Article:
By Sam Youngman - 09/26/11 12:57 AM EDT
President Obama traveled West on Sunday in search of campaign funds and an energized base.
With the third-quarter filing deadline looming this week, the president was attending seven fundraisers Sunday in Seattle and San Jose, Calif., blasting Republicans at every step.
Despite the projected confidence of campaign officials like David Axelrod who said recently that Obama does not have a problem with his base, Obama acknowledged at stops Sunday that "a lot of people are discouraged and a lot of people are disillusioned."
"I need you guys to shake off any doldrums,” Obama said. “I need you to decide right here and right now, talk to your friends and neighbors and coworkers and tell them, ‘You know what? We're not finished yet.’"
“The New York Times” reported Sunday that the Obama reelection campaign will target minorities and other key elements of Obama's base to make up for a loss of white voters who came out for Obama in 2008.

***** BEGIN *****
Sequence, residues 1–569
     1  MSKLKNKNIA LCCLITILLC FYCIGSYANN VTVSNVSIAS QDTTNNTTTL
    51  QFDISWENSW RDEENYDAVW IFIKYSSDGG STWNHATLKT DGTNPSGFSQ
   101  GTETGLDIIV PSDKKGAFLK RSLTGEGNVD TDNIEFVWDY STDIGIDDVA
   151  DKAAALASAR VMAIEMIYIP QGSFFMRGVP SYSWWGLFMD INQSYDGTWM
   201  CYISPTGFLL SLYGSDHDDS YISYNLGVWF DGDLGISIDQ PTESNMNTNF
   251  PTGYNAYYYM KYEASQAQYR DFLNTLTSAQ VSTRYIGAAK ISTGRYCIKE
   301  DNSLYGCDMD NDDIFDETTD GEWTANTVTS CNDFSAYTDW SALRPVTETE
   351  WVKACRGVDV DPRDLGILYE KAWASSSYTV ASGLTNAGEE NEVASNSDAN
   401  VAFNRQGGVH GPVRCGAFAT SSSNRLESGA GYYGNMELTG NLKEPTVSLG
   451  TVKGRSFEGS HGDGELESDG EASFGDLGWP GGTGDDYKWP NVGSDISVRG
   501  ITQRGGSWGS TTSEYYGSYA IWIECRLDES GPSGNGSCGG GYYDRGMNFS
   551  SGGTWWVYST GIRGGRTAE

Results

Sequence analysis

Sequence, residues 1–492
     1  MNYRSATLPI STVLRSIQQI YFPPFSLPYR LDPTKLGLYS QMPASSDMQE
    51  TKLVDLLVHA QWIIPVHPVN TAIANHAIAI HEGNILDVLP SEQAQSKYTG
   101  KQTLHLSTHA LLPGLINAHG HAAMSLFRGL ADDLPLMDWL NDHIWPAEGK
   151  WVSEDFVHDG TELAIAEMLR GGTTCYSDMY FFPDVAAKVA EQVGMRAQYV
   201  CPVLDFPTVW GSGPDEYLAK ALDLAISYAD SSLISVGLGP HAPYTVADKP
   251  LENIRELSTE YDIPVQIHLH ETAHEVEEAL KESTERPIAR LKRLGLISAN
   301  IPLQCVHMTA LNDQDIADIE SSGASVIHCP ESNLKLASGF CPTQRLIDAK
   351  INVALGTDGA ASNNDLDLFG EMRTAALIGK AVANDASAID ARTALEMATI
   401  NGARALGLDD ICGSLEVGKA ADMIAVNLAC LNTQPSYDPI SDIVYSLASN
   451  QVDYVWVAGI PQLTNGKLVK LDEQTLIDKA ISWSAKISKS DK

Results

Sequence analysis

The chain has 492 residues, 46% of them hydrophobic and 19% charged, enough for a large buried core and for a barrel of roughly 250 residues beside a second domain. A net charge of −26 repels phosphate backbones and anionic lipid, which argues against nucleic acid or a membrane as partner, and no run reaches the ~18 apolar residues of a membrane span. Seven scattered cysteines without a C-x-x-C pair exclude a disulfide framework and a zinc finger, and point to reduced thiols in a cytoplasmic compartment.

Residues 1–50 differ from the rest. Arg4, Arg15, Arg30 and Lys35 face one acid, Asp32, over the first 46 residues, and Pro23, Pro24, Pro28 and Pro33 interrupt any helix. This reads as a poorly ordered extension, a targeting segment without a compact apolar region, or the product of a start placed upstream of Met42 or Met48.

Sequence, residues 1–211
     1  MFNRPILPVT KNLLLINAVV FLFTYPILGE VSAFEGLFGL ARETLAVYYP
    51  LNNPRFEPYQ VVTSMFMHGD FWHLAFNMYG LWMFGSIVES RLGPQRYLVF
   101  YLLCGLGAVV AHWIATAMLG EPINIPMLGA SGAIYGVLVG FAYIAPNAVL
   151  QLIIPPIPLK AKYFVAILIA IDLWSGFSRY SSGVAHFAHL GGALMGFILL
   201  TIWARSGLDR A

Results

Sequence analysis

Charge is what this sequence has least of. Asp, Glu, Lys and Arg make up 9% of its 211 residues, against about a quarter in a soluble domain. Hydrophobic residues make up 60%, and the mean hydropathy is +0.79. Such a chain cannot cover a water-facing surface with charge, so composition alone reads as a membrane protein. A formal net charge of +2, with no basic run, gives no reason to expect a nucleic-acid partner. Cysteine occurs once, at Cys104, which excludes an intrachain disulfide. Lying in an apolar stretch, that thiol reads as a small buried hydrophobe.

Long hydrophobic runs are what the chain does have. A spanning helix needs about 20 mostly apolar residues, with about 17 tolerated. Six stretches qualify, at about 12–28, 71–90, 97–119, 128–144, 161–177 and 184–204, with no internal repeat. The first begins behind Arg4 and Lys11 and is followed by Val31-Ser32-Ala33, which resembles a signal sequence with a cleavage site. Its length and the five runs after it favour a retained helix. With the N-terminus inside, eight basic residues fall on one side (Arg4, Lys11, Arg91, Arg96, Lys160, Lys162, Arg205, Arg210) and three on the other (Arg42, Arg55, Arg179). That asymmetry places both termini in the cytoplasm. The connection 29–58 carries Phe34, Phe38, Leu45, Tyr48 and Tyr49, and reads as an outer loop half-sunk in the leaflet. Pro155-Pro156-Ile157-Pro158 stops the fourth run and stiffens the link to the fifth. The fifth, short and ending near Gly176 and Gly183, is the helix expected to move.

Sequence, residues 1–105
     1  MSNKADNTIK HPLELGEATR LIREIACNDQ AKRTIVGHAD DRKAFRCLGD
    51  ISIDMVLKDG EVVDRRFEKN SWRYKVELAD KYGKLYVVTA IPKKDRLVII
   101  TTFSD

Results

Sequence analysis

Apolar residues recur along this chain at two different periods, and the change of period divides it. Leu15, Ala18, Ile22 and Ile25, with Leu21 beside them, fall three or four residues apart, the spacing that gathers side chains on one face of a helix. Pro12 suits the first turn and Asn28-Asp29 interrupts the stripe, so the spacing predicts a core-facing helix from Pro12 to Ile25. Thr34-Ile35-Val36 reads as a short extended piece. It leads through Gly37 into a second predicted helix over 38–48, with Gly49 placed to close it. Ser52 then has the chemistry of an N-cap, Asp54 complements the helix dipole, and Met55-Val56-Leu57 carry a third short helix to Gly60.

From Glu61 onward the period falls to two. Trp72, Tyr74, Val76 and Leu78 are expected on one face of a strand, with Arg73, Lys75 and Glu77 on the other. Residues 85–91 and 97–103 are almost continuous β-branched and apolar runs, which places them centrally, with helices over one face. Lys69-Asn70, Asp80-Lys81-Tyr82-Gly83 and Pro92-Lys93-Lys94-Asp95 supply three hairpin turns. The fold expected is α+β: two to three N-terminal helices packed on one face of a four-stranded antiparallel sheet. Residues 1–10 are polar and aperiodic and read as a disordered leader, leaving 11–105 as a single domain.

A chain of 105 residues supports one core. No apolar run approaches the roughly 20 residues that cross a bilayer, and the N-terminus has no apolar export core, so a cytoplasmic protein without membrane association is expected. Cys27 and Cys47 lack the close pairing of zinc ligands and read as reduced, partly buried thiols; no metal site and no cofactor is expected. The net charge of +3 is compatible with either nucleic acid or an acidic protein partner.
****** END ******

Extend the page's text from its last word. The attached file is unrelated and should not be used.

Obama warned the crowd that in 2012, the Republican "alternative I think is an approach to government that would fundamentally cripple America in meeting the challenges of the 21st Century."
"And that's not the kind of society that I want to bequeath to Malia and Sasha and your children and your grandchildren," Obama said.
The president addressed the change in tone from 2008's campaign based around hope and change, saying that when he came to office he had hoped that "because we were in crisis that the other side would respond by saying now is the time for all of us to pull together."
"That was not the decision they made, so from the moment I took office what we've seen is constant ideological pushback against any kind of sensible reforms that would make our economy work better and give people more opportunity," Obama said.
"As we speak there's a debate going on in Congress about whether disaster relief funding should be granted as part of the overall budget to keep the government open," Obama said.
"What makes it worse is that some of the Republicans who are opposing this disaster relief it's their constituents who've been hit harder than anyone by these natural disasters."